So you want to have a good credit rating but don’t want to use a credit card of your own? No problem. Although regular charging is the fastest and easiest way to populate a consumer credit report with the type of activity that other lenders most like to see, you can still add attractive information.
First know that there are three major consumer credit reporting agencies in the United States – TransUnion, Equifax, and Experian. Their job is to collect data that is sent to them, then compile it into constantly updating files that list your debts, accounts, and payment history. Credit scores are developed from all that data. The most common scores are the FICO and VantageScore. Each system weighs certain activity more heavily, and then produces a number of between 300 and 850. Higher scores indicate less lending risk and vice versa.
For a good credit score, you’ll need a long, positive history of borrowing and repaying money from companies that furnish credit reporting agencies with your activity. Here are some creative ways to get it done.
- Piggyback on someone else’s credit card. If you can convince a friend or relative to add you to a credit card account as an authorized user, that person’s credit card activity will also appear on your credit reports. Once it does, it will be calculated into your credit scores. To sweeten the deal, you may want to tell the person that you don’t want access to the card. That way he or she assumes no risk. (Authorized users aren’t liable for any debt they may acquire.) The account owner may even benefit with additional rewards points, since many issuers will tack on thousands of extra points for each authorized user. The deal must be advantageous to you too, though. Only get into these arrangements with people who pay on time and don’t carry over a balance. Ask first and keep a close watch on your credit reports. If you see high debt and missed payments, call the issuer to excuse yourself from user status. When it’s over, the account won’t appear any longer and you’ll be back to the beginning.
- Have student loans? Manage them brilliantly. One of the wonderful aspects of loans for undergraduate eduction is that they are granted to people even if they don’t have a credit history – or do, but it’s a bad one. Just about any college student can get them. If you do and they’re in a grace period, deferment, or forbearance, they are in good standing, but aren’t really boosting your scores. When you start to whittle them down they will, though, so if you can send higher than requested sums by the monthly due date, do so.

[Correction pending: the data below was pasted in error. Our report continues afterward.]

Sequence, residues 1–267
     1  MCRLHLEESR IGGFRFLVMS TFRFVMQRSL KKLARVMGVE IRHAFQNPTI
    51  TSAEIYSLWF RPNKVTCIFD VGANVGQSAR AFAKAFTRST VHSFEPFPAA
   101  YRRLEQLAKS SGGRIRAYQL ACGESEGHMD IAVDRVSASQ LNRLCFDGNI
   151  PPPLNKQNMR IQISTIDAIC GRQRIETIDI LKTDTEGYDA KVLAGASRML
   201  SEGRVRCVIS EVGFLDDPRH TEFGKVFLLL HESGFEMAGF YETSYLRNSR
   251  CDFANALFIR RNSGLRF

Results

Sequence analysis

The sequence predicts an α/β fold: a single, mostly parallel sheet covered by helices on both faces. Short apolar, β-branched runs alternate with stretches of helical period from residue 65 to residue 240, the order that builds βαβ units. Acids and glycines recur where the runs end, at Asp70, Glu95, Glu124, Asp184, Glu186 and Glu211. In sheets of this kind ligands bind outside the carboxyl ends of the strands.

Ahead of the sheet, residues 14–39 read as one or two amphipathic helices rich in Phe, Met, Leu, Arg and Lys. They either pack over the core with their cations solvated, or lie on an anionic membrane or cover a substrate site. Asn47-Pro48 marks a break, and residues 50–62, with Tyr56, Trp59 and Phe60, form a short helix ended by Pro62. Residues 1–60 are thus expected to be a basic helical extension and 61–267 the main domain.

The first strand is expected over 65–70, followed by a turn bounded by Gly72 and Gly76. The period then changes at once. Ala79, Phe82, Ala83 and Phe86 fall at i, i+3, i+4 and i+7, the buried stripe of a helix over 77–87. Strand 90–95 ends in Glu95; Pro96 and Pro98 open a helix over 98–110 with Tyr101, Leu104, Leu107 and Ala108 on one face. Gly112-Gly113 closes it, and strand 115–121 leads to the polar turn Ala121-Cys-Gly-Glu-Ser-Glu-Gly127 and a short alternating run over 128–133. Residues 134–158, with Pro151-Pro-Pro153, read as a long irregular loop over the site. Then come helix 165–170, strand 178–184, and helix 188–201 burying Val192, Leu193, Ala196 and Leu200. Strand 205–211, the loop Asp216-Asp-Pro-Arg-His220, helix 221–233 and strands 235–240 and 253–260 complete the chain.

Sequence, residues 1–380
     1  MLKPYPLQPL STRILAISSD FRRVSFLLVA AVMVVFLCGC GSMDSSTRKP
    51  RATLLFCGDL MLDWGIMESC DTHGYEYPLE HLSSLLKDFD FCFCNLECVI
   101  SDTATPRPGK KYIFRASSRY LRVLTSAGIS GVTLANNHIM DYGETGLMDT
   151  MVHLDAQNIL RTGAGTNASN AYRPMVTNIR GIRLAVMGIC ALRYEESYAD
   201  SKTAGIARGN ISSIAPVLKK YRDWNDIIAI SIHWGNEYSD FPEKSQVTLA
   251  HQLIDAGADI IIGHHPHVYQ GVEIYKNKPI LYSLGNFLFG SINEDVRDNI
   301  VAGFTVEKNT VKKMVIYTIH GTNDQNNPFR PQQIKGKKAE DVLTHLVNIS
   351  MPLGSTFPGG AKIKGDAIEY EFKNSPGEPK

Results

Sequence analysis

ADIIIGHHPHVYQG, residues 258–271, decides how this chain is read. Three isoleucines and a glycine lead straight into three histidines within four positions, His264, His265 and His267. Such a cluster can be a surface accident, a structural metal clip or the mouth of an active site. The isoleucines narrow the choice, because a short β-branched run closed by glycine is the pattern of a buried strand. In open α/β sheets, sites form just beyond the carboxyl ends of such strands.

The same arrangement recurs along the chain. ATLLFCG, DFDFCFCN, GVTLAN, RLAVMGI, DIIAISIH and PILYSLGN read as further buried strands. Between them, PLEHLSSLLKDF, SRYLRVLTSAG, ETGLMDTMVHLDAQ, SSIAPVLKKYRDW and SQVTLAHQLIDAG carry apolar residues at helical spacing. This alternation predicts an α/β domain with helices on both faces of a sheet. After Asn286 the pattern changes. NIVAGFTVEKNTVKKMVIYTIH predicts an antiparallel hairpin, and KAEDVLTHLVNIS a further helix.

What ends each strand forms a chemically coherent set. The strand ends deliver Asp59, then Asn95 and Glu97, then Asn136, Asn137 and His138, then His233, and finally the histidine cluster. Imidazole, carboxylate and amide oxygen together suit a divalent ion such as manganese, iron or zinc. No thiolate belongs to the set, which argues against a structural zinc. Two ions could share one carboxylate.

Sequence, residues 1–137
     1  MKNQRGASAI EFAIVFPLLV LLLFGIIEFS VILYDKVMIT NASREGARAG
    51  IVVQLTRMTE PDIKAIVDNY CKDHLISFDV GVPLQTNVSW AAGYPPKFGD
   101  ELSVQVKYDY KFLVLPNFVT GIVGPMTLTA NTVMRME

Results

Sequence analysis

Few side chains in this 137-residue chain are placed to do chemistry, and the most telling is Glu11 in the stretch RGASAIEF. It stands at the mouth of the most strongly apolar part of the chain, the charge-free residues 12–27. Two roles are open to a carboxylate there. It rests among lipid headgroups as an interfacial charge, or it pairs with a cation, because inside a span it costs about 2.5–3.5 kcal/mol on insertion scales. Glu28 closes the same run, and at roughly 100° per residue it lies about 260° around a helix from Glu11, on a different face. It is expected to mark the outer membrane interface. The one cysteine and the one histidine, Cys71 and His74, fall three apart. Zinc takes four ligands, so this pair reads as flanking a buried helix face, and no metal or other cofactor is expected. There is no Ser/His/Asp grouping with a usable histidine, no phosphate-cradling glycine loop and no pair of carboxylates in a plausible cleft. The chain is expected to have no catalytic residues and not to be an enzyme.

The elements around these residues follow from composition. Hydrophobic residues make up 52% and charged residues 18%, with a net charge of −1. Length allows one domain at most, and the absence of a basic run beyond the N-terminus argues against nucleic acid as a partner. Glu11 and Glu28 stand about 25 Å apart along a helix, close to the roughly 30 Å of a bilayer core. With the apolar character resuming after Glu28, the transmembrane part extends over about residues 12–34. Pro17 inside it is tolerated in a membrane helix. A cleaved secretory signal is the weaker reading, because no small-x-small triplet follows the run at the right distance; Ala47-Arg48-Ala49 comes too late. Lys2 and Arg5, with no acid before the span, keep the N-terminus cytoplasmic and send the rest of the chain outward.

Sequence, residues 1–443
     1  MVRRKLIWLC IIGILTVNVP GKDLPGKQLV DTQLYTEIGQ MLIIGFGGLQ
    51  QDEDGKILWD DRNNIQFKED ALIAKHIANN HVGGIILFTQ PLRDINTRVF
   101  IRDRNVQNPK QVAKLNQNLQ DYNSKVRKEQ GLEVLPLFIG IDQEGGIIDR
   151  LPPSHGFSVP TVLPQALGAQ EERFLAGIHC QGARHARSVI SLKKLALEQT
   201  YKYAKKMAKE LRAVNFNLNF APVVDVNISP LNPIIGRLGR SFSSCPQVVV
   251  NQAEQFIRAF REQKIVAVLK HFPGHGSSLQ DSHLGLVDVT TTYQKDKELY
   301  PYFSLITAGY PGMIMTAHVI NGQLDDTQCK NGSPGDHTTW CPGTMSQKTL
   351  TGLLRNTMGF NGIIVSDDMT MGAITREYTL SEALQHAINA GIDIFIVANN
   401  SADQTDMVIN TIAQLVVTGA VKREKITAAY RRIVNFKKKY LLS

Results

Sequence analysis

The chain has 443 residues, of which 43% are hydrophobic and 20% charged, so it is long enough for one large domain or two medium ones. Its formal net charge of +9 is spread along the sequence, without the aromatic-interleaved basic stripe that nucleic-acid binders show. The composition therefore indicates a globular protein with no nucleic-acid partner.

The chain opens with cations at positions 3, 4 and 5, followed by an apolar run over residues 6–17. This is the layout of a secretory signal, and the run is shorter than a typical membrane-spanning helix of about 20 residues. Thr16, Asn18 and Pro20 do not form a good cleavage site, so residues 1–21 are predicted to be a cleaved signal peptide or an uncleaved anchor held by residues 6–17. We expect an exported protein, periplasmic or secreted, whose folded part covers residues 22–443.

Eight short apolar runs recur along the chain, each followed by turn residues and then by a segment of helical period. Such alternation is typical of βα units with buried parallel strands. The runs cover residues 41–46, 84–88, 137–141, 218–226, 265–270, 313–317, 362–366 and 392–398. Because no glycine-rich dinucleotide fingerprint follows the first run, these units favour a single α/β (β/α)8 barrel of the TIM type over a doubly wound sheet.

- Finance a vehicle. If you want to buy a new (or new to you) car, consider borrowing for it. To get a good financing deal you will have to have an established credit history, but if your goal is to build a score, you may want to sacrifice a little money. You can dramatically reduce the overall cost by saving for a large downpayment as well as for most of the balance of the car’s value. Then you can finance the remainder of the car’s price. Pay it off within a year with large and steady payments.
- Become a credit union member. Joining a credit union won’t automatically help your credit rating, but taking out a loan from one will. Credit unions are, essentially, nonprofit banks. As a member, checking accounts are anywhere from free to cheap and you are required to open a savings account. When you’ve been with the credit union long enough to show that you can keep money in without overdrawing the accounts, ask for a small personal loan. Use the funds to buy something that is within your budget, and repay the loan quickly. For example, if you took out a $1,000 loan at 10 percent interest and paid it back in four months, the fees would only be about $20 in total.
- Cosign on a loan. This option is more dangerous than becoming an authorized user on someone else’s credit card because you will be equally liable for payment. However, the loan will appear on your credit reports. As long as it’s managed well (by now you get the picture: perfect payments plus a rapidly declining balance) you will come out ahead score-wise.
- Have non-credit accounts be added to your file. Some landlords and utility companies will report a person’s account information to the credit reporting agencies upon request. While this type of activity my not be factored into the credit scores that lenders use, anyone who pulls the actual report will see the accounts. It could work in your favor.
Mind that what shouldn’t be on your credit reports is just as important as what does appear. Debts that have been acquired by collection agencies (especially if it happened within a few years) drag a rating down. Bite the bullet and pay them. A satisfied balance is better than an outstanding one. If you’ve been sued for a debt and it is showing up as a judgment or you owe money for child or spousal support, have a tax or other lien, pay those off too. Once done your scores will improve.
Finally, if you’re reticent to open a credit card account because you’re afraid of getting into debt, you may want to consider a secured card instead. As long as the collateral is the same as the credit line, you’re safe. Even if you charged up to the limit you would not exceed the value of the cash on hold. These products are super easy to get. If you always spend less than 30 percent of the limit, pay in full and on time, your credit reports and scores would glow.
However, if you really don’t want to use a credit card ever, for anything, that’s totally fine! Clearly you can still develop a credit score without it.